For instance one of the theses discusses the folding mechanisms of a membrane protein GlpG, which according to the summmary is a step leading to the formation of cytotoxic alpha synuclein oligomeres, and these are known to be a major cause of the symptoms of Parkinson's disease. In this disease ropelike structures (amyloid fibrilles) are formed in places they shouldn't be.. OK, now I see that this might be important. The alpha synuclein fragments form a nuclear structure consisting of two kinds of oligomeres, one of which is an intermediary type which leads to the formation of fibrilles, while the other is more stable and consequently more resistant to changes in the outside world, and - most interestingly: this type doesn't form amyloid deposits (or in other words: it doesn't clog nerve cells up like the other type does). So far so good, and oligomeres are apparently more pernicious for the cell structure than other alpha synuclein types. And now my understanding grinds to a screeching halt: is this a reference to type 2 or both types or what? If, so why isn't the type that doesn't form amyloid deposits on nerves totally innocuous? And wasn't the purpose to discuss the difference in effect between these two, instead of suddenly introducing other types which supposedly are less harmful? And last, but not least: how many of the readers of the newspaper can understand even a centimeter of this stuff?

At this point I would have written about my studies of Polish, but that'll have to wait. My brain is tired.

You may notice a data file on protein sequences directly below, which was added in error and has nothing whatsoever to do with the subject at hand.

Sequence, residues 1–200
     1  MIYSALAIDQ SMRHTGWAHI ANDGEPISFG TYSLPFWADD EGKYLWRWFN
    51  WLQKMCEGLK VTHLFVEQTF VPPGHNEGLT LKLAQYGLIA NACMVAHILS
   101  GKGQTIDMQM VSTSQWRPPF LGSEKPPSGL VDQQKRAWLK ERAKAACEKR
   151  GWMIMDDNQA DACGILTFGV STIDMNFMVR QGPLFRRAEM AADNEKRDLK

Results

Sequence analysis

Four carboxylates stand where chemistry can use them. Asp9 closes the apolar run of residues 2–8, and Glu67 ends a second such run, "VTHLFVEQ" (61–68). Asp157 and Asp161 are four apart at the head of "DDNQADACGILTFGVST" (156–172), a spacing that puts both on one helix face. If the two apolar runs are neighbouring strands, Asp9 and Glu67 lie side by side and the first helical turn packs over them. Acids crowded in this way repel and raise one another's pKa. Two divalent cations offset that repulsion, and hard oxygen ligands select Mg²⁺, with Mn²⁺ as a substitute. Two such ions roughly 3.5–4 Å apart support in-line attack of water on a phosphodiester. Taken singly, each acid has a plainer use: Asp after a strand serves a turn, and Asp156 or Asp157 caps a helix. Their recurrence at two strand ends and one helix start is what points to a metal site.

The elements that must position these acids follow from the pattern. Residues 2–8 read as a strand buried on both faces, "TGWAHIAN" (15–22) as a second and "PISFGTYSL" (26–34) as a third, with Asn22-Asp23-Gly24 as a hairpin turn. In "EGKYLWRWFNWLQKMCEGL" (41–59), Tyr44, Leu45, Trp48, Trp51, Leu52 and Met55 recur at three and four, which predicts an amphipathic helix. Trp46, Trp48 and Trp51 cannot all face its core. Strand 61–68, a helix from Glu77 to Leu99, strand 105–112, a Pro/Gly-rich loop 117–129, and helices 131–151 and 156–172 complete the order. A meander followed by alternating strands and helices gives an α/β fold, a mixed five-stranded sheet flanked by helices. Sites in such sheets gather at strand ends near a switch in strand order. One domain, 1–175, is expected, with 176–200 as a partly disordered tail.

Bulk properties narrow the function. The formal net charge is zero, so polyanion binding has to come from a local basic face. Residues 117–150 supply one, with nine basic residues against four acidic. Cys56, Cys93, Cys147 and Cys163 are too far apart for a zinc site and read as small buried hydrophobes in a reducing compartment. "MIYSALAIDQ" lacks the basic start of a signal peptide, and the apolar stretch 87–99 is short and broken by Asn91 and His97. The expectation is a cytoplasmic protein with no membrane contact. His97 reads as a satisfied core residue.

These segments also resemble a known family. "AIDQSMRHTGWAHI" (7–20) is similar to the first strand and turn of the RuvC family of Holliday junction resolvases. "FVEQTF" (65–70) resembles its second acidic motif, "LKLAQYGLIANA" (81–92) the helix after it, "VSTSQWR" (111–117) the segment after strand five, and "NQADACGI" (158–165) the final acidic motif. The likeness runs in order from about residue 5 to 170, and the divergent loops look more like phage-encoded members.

Edited by Iversen on 12 March 2014 at 2:28pm

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Ogrim
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 Message 3552 of 3959
12 March 2014 at 5:45pm | IP Logged 
Great post about what I guess is a medical thesis. Actually, some years ago I helped my brother, who is a medical doctor, proofread his thesis, which he wrote in English, of course. A lot of the stuff was more or less like what you cite here, so my proofreading was limited to correcting the wrong use of prepositions or verb forms, or simple spelling mistake. I trust his tutor would correct any wrong use of medical terminology.

I guess there actually is a market for "medical English", or maybe just "medical language" in general, as it sometimes looks like a weird variety of a Greco-Latin language for the initiated.